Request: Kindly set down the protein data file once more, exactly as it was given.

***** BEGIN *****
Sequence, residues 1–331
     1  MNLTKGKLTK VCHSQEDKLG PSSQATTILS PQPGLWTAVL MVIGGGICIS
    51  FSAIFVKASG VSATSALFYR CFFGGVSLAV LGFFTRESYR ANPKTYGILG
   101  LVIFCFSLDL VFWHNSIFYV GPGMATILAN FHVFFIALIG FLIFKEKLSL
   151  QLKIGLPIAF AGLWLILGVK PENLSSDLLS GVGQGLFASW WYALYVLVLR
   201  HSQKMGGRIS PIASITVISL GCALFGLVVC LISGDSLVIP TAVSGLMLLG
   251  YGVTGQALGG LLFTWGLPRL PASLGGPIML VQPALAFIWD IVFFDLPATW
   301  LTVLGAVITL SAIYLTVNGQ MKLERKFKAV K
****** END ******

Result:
Sequence, residues 1–331
     1  MNLTKGKLTK VCHSQEDKLG PSSQATTILS PQPGLWTAVL MVIGGGICIS
    51  FSAIFVKASG VSATSALFYR CFFGGVSLAV LGFFTRESYR ANPKTYGILG
   101  LVIFCFSLDL VFWHNSIFYV GPGMATILAN FHVFFIALIG FLIFKEKLSL
   151  QLKIGLPIAF AGLWLILGVK PENLSSDLLS GVGQGLFASW WYALYVLVLR
   201  HSQKMGGRIS PIASITVISL GCALFGLVVC LISGDSLVIP TAVSGLMLLG
   251  YGVTGQALGG LLFTWGLPRL PASLGGPIML VQPALAFIWD IVFFDLPATW
   301  LTVLGAVITL SAIYLTVNGQ MKLERKFKAV K